How Our Busy Performance Based Culture is Effecting Parenting

Our culture has changed in the way that we view children and how we raise them and some of these changes are for the better but some are not producing the results that we want. I want my child to grow to be a person who can handle the challenges, who is considerate of others, who can maintain relationships because he/she understands how to not only take but also give. These skills need to be learned and that is our job as parents. 

What I see are kids who are very busy with activities that revolve around them and are often performance based like a sport. We all go to watch, cheer and talk about the child’s performance. I understand there is a lot of good in sports activities, things like exercise, discipline, team work and learning to listen to direction. Playing a sport can also teach how to behave when your team looses, or you miss a shot or have to sit on the bench. So I am not saying that sports are bad, what I am saying is that if that type of performance based activity is all that the child does and the family revolves around the child then they can get the wrong idea of how life works. The child will expect the attention to revolve around them and they will also feel the stress of continual performance.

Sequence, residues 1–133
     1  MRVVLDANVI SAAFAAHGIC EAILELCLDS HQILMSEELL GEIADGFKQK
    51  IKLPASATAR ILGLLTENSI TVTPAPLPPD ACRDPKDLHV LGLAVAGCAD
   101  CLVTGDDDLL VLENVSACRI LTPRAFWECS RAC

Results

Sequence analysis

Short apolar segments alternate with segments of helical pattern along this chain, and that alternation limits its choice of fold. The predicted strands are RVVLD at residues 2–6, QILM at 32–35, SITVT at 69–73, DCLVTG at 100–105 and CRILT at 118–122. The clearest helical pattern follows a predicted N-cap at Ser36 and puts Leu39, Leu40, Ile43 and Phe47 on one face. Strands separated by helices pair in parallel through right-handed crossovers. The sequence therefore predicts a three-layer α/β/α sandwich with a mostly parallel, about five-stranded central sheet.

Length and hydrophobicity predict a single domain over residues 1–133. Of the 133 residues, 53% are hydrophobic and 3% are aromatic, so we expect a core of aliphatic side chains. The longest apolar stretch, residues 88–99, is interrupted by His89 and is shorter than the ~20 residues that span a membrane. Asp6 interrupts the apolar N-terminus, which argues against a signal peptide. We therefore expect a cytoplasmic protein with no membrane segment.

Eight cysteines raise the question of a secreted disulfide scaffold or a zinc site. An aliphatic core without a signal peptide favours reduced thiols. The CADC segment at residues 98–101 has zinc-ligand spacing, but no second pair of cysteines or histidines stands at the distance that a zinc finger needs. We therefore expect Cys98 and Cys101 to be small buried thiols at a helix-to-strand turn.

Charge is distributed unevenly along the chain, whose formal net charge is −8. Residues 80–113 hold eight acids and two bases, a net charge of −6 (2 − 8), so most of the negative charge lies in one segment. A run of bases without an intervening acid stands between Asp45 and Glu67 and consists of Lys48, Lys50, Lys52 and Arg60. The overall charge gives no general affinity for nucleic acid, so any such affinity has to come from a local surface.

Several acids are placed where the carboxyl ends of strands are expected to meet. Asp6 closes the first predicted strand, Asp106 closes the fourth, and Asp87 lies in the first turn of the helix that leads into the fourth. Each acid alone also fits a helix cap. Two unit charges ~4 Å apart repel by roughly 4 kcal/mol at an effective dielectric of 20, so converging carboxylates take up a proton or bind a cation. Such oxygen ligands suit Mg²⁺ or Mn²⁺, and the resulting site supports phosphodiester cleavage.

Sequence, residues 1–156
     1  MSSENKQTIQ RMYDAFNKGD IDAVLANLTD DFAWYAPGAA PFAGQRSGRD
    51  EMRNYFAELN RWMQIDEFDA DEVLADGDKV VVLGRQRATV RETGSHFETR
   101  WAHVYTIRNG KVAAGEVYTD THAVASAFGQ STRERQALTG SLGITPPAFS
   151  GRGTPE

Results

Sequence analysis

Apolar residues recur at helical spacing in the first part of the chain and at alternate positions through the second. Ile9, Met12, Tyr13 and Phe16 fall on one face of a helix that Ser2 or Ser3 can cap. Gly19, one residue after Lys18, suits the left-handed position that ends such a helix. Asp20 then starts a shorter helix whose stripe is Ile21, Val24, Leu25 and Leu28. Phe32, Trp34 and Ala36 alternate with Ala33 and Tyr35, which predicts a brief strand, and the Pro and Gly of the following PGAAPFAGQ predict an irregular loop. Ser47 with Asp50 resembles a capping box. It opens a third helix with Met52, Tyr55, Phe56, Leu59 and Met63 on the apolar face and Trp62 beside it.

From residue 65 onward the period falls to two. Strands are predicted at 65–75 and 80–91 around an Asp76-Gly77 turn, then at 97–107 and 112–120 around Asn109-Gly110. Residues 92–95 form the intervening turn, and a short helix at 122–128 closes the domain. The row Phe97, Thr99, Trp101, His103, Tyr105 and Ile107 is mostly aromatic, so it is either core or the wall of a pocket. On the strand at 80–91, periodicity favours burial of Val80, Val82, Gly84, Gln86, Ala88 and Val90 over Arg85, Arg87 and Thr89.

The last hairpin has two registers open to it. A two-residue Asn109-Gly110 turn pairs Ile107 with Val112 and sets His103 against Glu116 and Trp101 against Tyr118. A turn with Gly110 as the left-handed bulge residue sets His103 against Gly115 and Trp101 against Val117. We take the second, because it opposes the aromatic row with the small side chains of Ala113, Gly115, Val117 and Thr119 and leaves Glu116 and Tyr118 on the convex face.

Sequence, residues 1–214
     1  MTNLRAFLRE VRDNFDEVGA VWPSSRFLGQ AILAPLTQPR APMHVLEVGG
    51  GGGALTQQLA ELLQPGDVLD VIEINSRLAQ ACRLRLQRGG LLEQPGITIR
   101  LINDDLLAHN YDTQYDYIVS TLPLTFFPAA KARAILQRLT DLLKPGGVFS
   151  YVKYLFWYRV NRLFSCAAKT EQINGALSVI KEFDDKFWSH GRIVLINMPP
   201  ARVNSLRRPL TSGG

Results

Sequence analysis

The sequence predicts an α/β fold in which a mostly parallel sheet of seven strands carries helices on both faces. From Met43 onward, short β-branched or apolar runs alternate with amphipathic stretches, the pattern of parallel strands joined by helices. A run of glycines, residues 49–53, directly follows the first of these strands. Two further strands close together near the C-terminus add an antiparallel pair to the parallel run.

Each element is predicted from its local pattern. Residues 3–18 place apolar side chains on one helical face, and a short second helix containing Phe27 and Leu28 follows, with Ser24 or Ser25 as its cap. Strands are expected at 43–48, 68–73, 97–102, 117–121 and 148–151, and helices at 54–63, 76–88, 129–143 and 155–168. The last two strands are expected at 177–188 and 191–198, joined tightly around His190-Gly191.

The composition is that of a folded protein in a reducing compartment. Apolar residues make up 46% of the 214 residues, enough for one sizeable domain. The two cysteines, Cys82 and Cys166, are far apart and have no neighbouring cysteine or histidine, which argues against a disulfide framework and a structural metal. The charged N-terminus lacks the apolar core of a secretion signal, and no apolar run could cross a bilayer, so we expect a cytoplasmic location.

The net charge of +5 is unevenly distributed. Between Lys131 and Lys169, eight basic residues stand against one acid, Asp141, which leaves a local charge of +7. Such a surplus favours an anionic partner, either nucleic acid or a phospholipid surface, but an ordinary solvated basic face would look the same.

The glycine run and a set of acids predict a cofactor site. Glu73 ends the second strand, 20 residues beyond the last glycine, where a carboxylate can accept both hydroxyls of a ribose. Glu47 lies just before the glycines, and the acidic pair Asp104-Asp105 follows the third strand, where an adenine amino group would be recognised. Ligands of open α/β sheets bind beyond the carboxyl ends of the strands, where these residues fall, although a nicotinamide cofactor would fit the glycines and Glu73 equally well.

There should also be times when the child has to make a sacrifice for others. Have them go and watch someone else’s activity and cheer with a good attitude. Have them serve the family by washing the car or mowing the lawn. They have to learn to contribute to the family. Without this training they begin to feel entitled to have the attention all the time.

In the past children would also do things that were less performance based and simply for fun, art projects, build a model airplane, learning to sew these types of behaviors teach a different skill set that includes patience, perseverance and learning to pay attention to details. They can also be done with your child and this allows for time to talk and build the relationship. We are missing this element because we tend to send our children off to a coach or teacher to work with them instead of spending time ourselves.

I understand that we are all very busy but some of that busyness is self imposed because we feel this busy lifestyle is what is expected. But we can push back against some of these cultural expectations and do something different. Remember the goal is not to keep up with everyone else, the goal is to build a relationship with your child and teach them skills that will help them succeed as an adult. Few of your children are going to be pro-athletes but all of them will need to have a job, deal with challenges and maintain relationships. Let’s prepare them.